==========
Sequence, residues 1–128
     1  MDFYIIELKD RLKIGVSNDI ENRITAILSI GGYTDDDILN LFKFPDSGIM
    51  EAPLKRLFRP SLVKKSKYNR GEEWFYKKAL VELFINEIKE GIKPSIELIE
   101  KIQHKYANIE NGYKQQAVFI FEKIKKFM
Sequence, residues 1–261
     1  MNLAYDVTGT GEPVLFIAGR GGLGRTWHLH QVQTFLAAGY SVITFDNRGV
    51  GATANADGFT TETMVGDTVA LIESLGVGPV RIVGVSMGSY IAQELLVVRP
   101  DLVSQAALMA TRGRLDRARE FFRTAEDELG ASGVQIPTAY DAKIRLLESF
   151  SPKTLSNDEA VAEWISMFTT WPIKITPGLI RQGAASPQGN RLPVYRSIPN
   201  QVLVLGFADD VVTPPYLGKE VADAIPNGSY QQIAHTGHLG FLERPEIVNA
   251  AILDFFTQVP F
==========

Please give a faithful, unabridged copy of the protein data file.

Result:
Sequence, residues 1–128
     1  MDFYIIELKD RLKIGVSNDI ENRITAILSI GGYTDDDILN LFKFPDSGIM
    51  EAPLKRLFRP SLVKKSKYNR GEEWFYKKAL VELFINEIKE GIKPSIELIE
   101  KIQHKYANIE NGYKQQAVFI FEKIKKFM
Sequence, residues 1–261
     1  MNLAYDVTGT GEPVLFIAGR GGLGRTWHLH QVQTFLAAGY SVITFDNRGV
    51  GATANADGFT TETMVGDTVA LIESLGVGPV RIVGVSMGSY IAQELLVVRP
   101  DLVSQAALMA TRGRLDRARE FFRTAEDELG ASGVQIPTAY DAKIRLLESF
   151  SPKTLSNDEA VAEWISMFTT WPIKITPGLI RQGAASPQGN RLPVYRSIPN
   201  QVLVLGFADD VVTPPYLGKE VADAIPNGSY QQIAHTGHLG FLERPEIVNA
   251  AILDFFTQVP F